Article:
We're not exactly sure what the Microsoft ad is or on this page but we are sure it's yet another really bad contextual ad placement. Once again, contextual advertising fails. This time in a story about a woman who dies during a water drinking contest for radio station KDND called "Hold your wee for Wii," a Microsoft ad appears in the form of a water cooler that fills a cup to the point of overflowing. Sweet. W love the smooth flow of a good contextual ad placement.
The Comcast Slowskys are back for more really slow cable versus DSL fun. In four new spots created by Goodby, Silverstein & Partners, the turtle family revels in the slowness of DSL indicating to the rest of us Comcasts's cable is a much faster choice. Whether that's true or not is irrelevant. The spots are funny in that odd sort of way the originals were and thet steer clear of the boring speeds and feeds spots many other cable and DSL companies still cling to. You can view all four spots here, here, here and here.
We like ads that make a point. Sadly, so many don't and simply waste people's time or don't garner attention in the first place. This Truth campaign street ad (created by Crispin Porter + Bogusky...who, rumor tells us, just lost the account) consists of ice sculptures resembling pregnant women with plastic babies embedded in their bellies placed on street corners which, throughout the day, melt away leaving only the baby. A placard next to the sculptures reads, "Over 30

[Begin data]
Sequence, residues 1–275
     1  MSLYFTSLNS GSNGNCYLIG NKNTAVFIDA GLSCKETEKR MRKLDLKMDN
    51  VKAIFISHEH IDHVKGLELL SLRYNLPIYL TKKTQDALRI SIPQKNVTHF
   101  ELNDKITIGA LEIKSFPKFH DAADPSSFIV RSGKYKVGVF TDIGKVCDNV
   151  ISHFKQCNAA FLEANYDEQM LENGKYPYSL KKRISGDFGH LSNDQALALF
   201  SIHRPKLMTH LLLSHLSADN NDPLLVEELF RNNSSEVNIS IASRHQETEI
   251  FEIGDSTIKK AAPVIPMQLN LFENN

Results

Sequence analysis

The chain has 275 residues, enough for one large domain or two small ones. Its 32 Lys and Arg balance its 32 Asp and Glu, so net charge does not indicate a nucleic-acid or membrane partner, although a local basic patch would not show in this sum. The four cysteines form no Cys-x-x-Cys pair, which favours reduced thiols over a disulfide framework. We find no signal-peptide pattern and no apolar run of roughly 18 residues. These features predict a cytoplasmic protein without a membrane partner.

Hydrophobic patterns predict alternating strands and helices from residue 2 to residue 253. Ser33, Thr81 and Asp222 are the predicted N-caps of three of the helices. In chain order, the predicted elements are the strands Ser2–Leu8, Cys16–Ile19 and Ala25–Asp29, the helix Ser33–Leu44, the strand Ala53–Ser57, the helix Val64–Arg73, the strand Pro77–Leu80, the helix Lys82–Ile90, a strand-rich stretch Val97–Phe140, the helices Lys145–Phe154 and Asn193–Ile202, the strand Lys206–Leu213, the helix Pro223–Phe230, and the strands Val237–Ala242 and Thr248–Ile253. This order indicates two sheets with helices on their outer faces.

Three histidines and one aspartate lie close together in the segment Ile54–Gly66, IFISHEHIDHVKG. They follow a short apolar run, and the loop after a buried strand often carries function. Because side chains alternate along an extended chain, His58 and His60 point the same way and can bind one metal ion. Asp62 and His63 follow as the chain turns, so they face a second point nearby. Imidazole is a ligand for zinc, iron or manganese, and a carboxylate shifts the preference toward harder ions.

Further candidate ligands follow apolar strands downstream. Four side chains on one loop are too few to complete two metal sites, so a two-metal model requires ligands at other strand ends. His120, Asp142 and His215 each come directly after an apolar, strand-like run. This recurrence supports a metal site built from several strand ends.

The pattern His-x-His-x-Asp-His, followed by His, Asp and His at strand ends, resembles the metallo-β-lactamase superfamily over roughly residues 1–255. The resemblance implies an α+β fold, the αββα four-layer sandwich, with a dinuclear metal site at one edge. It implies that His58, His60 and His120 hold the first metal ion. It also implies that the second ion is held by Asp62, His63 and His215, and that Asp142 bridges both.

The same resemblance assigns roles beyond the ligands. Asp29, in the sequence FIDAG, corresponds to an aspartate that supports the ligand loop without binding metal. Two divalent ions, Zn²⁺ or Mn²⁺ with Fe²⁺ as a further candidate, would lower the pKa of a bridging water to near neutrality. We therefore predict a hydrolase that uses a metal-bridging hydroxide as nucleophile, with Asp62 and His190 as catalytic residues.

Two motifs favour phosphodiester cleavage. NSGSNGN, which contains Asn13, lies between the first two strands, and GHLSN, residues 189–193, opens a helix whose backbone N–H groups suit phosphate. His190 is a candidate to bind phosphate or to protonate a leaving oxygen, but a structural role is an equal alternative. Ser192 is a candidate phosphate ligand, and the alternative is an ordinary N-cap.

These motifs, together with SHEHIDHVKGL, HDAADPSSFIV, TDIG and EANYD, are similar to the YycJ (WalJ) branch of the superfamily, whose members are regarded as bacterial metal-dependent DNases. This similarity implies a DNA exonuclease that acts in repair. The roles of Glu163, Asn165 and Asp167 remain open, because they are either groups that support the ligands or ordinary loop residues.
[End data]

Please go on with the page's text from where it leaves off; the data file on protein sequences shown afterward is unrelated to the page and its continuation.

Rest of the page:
million (oops) children lose their moms to tobacco every day." Powerful. Of course one does have to question the effectiveness of an ad that takes hours to make its point. Oh wait, they've conveniently crammed the whole process into a :30. Smart thinking CP+B. The spots break January 22.
UPDATE: We received clarification in response to the account shift rumor that "Crispin has not lost the truth account and there is currently no agency review even planned. Also, Arnold Worldwide of Boston shares the account with CP+B."
And, we're back! Yes, my friends, the Disney vacation is now, sadly, in the rear view mirror but the rejuvenation that vacation provided was much needed. As we get back into gear here (not that we were ever out of gear with co-editor Angela providing you musings on a daily basis), how apropos it is we stumble across The Silly Girl's mention of airport security bin advertising. Just when you thought every available ad space has been taken (now there's a sentence that's been written here many, many times), ads will now appear on those gray bins you toss all your stuff in as you pass through airport security.